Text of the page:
Humble hero meets baby’s parents
Crime & Courts / 15 Feb '13, 2:46pm
Durban - The man who plucked a toddler still strapped in her car seat from the middle of the road and reunited her with her distraught mother, met the child’s parents for the first time on Thursday.
Erik Bredberg who runs a painting business in Durban, was dropping off his employees last week when he spotted the child in Charles Strachan Road.
Erik Bredberg, the man who found the Nair family's baby in the middle of a busy road, met Azaria's parents, Jonathan and Shriah, yesterday for the first time. Hijackers had dumped the toddler after hijacking the mother's car outside a Glenwood shopping centre. Picture: Marilyn Bernard. Credit: INLSA
He whisked seven-month-old Azaria away and took her to Mayville police station where she was reunited with her mother.
Later, he learnt that Azaria’s mother, Shriah Nair, had finished her shopping in Hunt Road, Glenwood and had placed the child in the back of the car when she was accosted by hijackers.
The thugs demanded her keys and sped off with the baby still in the car.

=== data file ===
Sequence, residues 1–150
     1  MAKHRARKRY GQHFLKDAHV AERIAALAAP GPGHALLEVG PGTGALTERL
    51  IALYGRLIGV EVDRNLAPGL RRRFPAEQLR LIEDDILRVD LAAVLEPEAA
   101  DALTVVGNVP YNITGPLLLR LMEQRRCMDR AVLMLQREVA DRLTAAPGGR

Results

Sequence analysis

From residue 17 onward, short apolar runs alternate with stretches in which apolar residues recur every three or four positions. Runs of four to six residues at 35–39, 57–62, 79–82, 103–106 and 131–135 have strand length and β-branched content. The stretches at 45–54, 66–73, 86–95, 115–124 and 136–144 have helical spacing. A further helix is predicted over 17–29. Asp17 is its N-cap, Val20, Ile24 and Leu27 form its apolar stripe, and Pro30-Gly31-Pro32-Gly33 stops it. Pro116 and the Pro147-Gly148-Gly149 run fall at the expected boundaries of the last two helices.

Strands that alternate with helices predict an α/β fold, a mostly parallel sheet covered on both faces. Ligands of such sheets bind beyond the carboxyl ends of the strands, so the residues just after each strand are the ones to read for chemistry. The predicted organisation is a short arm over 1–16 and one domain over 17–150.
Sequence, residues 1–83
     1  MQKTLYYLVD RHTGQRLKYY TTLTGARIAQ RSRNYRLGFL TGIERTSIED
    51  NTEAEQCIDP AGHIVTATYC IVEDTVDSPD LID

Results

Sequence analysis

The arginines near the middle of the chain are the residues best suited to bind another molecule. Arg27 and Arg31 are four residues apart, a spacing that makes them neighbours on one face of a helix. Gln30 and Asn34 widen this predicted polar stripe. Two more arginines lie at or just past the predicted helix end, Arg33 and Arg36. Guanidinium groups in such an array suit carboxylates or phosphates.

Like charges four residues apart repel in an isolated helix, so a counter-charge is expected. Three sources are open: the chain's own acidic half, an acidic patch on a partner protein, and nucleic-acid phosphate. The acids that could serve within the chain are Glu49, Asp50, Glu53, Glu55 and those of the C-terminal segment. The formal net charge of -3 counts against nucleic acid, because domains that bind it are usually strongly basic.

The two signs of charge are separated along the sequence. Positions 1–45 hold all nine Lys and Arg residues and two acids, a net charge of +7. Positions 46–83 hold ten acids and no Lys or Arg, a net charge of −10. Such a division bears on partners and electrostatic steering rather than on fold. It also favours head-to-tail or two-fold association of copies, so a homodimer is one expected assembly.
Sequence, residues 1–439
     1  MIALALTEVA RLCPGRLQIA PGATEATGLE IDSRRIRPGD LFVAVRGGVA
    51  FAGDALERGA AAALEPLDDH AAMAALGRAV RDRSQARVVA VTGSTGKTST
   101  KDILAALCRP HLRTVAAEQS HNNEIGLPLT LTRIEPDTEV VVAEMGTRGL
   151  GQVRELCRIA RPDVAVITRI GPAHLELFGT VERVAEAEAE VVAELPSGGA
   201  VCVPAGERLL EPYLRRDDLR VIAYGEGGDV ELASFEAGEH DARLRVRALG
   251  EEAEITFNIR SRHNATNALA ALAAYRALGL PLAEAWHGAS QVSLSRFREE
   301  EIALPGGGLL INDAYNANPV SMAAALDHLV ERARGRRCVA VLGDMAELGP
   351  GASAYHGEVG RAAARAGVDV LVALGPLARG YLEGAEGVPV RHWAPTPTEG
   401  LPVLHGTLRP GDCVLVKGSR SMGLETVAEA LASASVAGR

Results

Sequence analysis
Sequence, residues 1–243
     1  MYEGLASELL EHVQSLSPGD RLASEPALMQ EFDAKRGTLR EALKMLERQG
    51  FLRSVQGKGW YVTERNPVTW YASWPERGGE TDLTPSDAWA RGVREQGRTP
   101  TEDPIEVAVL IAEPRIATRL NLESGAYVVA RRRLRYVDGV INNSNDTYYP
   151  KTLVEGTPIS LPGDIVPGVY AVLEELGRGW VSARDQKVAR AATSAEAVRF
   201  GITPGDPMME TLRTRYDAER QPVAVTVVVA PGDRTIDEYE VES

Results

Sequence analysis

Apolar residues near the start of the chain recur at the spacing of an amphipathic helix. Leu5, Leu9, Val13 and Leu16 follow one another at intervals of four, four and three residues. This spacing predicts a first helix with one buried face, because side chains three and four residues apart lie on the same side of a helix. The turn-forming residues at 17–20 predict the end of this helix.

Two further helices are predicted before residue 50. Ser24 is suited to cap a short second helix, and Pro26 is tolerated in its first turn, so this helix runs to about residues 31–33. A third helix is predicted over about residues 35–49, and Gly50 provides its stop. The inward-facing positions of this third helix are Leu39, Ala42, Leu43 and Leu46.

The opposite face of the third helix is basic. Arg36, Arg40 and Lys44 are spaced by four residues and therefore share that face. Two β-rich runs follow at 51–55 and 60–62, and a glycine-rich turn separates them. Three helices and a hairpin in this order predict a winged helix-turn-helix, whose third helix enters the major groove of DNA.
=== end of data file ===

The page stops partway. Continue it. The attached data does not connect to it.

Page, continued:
They drove more than a kilometre and dumped the toddler in the middle of the road.
Bredberg met Azaria’s parents Shriah and Jonathan for the first time since the incident yesterday.
The humble Bredberg did not consider himself a hero, but that’s exactly how the child’s parents describe him.
“If it wasn’t you who found her, it could have been someone else. Who knows what they would have done to the baby,” said the mother to Bredberg.
“I believe everything happens for a reason. I think God was in control and he came to you to save our baby,” she said.
The Nair family, who are devout Christians, said they had been trying for years to have a child and had been told by doctors that they would not be able to have any children.
When their daughter was born they decided to name her Azaria, which means “God is my help”, said Shriah.
Azaria shared in her family’s adulation, smiling at Bredberg as they all lined up for a photo.
The nightmare of the hijacking may be over, but Jonathan said his wife was still traumatised by the incident.
“She won’t go out alone anymore,” he said. “I’m definitely paranoid now. This is the second time this has happened to us,” she said.
“Shriah is okay when I’m home, but when I am away she phones to check where I am, she is still traumatised.”
Jonathan said Azaria was doing well although she was now more reluctant to go anywhere without her mother.
Bredberg said he was more than happy to help and he believed that any other person would have done the same thing.
“There’s nothing else I can say, I am more than happy to help anyone at any time.”